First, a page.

Filmmaker: Describe your approach to lighting.

Wheeler: The goal was to enhance what was already present in the various environments. Overall it’s a naturalistic approach. I also wanted to give Julian as much time as possible with the actors on set, so I strove to keep lighting out of the way and to work fast. We had a pretty standard indie lighting package.

Filmmaker: What was the most difficult scene to realize and why? And how did you do it?

Wheeler: One of the largest sequences of the film is a night exterior. Because it was impossible to light miles of landscape and mountains, we were struggling with how we could shoot it and still see details. Being able to see the mountains was important as they are a character in the film and establish geography. Ultimately, we decided shooting dusk/blue hour for night was the best approach. At first it was the most difficult scene because it was one we didn’t know how to execute technically. Once we decided how we were going to do it, it became a logistical challenge because we needed to shoot the scene in increments over the course of several days. This meant that each day the scene was scheduled we were only able to do a couple shots at a time. It again became the most difficult scene, in the color grade, as all of those scattered day for night shots needed to be matched, including some that were done at an entirely different location because of scheduling challenges. Our colorist, Elodie Ichter, did a great job making that happen.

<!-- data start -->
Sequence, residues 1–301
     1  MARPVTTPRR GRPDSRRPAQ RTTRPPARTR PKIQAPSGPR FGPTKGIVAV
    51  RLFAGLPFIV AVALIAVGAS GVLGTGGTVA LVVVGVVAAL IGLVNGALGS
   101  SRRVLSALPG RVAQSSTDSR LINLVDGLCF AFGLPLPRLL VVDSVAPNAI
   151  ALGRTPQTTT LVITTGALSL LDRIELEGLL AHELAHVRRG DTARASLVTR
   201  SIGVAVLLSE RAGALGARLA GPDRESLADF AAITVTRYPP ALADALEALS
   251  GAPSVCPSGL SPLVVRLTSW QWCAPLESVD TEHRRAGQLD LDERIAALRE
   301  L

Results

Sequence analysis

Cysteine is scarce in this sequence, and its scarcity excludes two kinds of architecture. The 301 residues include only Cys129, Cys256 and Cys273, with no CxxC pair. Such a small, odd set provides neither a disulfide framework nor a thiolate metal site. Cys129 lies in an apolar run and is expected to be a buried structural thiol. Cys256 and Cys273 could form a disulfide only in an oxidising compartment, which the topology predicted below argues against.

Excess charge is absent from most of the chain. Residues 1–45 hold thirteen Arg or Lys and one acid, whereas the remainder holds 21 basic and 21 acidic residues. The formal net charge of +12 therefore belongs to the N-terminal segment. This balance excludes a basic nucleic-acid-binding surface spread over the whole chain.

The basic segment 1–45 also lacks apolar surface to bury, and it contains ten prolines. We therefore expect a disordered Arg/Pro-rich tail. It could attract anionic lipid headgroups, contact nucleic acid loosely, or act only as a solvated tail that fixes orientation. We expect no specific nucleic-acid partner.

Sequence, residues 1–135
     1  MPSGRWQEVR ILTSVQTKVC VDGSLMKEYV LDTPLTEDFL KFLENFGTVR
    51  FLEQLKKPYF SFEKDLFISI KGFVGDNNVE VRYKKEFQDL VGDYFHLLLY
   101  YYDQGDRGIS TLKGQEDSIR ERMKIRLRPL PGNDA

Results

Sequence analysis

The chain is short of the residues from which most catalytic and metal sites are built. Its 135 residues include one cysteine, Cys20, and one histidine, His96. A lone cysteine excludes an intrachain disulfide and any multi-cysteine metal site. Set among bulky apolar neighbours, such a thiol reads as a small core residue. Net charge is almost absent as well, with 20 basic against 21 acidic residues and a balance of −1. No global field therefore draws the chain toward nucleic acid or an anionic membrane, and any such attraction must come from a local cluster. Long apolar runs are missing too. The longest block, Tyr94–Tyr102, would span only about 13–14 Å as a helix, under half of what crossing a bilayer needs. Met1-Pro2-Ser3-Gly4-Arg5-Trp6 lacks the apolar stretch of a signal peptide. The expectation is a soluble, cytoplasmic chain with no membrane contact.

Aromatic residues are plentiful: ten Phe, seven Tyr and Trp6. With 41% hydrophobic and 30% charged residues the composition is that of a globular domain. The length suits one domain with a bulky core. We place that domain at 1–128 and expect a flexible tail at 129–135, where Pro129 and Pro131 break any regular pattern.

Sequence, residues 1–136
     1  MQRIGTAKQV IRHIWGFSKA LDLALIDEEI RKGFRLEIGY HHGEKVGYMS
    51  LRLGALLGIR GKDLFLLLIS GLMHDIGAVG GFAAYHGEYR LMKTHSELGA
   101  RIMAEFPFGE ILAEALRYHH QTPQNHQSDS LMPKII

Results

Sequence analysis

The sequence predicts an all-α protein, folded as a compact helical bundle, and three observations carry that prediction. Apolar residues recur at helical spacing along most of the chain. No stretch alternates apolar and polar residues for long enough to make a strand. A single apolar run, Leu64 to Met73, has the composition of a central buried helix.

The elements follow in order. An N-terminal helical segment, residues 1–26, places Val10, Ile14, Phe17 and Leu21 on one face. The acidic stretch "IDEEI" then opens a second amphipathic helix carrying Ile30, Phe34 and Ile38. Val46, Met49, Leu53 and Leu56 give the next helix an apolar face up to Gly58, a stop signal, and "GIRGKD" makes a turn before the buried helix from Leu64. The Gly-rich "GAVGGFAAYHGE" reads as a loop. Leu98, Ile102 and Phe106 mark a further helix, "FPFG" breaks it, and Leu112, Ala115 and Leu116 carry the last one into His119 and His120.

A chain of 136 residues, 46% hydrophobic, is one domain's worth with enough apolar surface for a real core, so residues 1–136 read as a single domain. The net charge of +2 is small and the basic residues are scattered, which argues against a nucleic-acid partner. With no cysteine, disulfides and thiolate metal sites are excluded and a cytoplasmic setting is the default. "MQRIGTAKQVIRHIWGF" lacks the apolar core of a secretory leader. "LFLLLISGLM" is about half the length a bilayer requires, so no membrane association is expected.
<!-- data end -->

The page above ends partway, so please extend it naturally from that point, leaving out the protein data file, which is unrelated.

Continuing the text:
Filmmaker: Finally, describe the finishing of the film. How much of your look was “baked in” versus realized in the DI? If possible, could you fill out the below information about your film’s cinematography?

Wheeler: The look of the film was developed as I began to photograph our locations in prep. I would go back to the hotel, grade the photos in Lightroom, and then share them with Julian to get his thoughts. Our viewing LUT on set was the Light Iron “LI2 Film” LUT. At the end of each shooting day, DIT Chuck Miller would give me R3Ds, which I would then grade in Resolve to set a guideline for the look of the dailies. Chuck would then get graded stills to work off of so that the dailies and offline would reflect the intended final look of the film. He took my grades and definitely made them better.

Going into the DI, we had a good idea of what we wanted the film to look like. We had the great fortune of working with Elodie Ichter at Picture Shop; she made everything that we did on set shine. She comes at it with such great taste and ideas, so you know you’re in good hands. This is my second film with Elodi and I was so happy to have her onboard.

Film Title: God’s Country
Camera: Panavision DXL2
Lenses: Panaspeeds and Panavision H Series
Lighting: Filmlites Montana and Van 106
Color Grading: Elodie Ichter at Picture Shop